European policymakers must devise ways to protect consumers and businesses from economic hardship resulting from the war in Ukraine. This PIIE Chart lays out short- and long-term effects of the war, difficulties including loss of exports to Russia, the fallout of sanctions, and the humanitarian crisis of dealing with millions of refugees.
More specifically, the shocks on supply chains from COVID-19 as well as the war may prompt EU adjustments in just-in-time delivery models that sacrifice efficiency. Disruptions of food supplies from Russia and Ukraine, particularly wheat, are raising prices and causing shortages felt most acutely in developing economies, which could increase immigration to Europe from food-insecure regions.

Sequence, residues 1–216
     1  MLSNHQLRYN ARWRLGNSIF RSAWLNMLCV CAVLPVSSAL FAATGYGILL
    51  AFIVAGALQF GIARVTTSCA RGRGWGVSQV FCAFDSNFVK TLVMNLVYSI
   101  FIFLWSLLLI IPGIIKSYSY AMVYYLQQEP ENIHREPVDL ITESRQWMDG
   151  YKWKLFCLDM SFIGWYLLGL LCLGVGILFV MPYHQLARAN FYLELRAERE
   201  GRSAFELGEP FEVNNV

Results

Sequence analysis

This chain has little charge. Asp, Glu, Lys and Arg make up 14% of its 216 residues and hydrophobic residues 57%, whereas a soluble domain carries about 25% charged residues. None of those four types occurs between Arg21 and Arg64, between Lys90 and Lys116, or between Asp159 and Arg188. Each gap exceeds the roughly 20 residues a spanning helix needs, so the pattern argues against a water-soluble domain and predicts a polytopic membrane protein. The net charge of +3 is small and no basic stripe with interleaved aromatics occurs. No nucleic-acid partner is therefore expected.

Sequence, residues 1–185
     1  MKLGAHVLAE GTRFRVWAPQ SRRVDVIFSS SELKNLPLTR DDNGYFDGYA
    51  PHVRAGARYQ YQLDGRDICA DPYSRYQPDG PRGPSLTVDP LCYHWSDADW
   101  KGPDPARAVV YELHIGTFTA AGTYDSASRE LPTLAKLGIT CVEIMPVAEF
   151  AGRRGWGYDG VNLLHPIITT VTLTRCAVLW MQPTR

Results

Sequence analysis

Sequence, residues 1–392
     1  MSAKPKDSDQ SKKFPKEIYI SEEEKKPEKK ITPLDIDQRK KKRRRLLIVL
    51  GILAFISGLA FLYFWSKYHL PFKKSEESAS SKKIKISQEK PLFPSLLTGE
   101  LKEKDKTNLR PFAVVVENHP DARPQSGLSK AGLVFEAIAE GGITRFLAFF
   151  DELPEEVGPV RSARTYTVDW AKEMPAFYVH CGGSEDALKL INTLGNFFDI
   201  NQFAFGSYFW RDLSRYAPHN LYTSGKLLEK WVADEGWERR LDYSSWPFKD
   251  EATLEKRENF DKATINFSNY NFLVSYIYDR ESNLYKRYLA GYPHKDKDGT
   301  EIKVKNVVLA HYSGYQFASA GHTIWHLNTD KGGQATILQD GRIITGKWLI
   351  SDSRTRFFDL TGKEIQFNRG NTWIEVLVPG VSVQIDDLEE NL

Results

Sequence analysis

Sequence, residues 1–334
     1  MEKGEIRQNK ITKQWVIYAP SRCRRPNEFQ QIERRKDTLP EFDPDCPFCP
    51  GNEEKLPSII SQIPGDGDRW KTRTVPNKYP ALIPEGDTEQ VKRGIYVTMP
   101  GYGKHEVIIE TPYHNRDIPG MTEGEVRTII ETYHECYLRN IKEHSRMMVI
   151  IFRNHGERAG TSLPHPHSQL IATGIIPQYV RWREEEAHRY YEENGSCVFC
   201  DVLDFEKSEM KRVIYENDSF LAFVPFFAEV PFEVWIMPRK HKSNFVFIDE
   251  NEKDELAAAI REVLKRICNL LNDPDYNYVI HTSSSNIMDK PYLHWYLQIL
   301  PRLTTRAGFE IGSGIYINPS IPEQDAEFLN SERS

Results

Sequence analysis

Europe's dependence on Russian energy varies across EU member states. An oil embargo like the one proposed by the European Commission should reduce Russian revenues. For gas, however, embargo is not a short-term option, and more targeted measures such as a tariff should be considered. The scramble to reduce EU dependency on Russian energy and find alternative suppliers will be costly and take time, requiring a faster transition to renewable sources. In the short term, consumers and firms will need protection from higher energy bills that does not undercut the efficacy of sanctions. Lumpsum transfers to low-income EU households are preferable to energy subsidies and can be financed through deficit spending. But policymakers need to be nimble as conditions change.
This PIIE Chart is adapted from Olivier Blanchard and Jean Pisani-Ferry's Policy Brief, Fiscal support and monetary vigilance: Economic policy implications of the Russia-Ukraine war for the European Union.
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